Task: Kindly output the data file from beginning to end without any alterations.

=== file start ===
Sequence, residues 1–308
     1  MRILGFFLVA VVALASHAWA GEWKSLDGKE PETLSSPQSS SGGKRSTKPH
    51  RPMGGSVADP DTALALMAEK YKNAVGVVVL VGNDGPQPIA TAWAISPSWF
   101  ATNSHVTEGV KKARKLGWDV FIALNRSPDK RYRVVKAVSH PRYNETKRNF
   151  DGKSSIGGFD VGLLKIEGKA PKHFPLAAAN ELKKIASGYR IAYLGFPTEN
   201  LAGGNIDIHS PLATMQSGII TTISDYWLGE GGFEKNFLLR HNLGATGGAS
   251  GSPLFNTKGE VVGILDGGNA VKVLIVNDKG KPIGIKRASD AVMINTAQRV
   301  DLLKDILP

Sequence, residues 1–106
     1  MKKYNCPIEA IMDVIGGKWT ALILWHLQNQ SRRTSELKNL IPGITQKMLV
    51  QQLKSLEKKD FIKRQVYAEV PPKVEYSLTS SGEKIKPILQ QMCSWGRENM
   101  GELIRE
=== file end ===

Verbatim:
Sequence, residues 1–308
     1  MRILGFFLVA VVALASHAWA GEWKSLDGKE PETLSSPQSS SGGKRSTKPH
    51  RPMGGSVADP DTALALMAEK YKNAVGVVVL VGNDGPQPIA TAWAISPSWF
   101  ATNSHVTEGV KKARKLGWDV FIALNRSPDK RYRVVKAVSH PRYNETKRNF
   151  DGKSSIGGFD VGLLKIEGKA PKHFPLAAAN ELKKIASGYR IAYLGFPTEN
   201  LAGGNIDIHS PLATMQSGII TTISDYWLGE GGFEKNFLLR HNLGATGGAS
   251  GSPLFNTKGE VVGILDGGNA VKVLIVNDKG KPIGIKRASD AVMINTAQRV
   301  DLLKDILP

Sequence, residues 1–106
     1  MKKYNCPIEA IMDVIGGKWT ALILWHLQNQ SRRTSELKNL IPGITQKMLV
    51  QQLKSLEKKD FIKRQVYAEV PPKVEYSLTS SGEKIKPILQ QMCSWGRENM
   101  GELIRE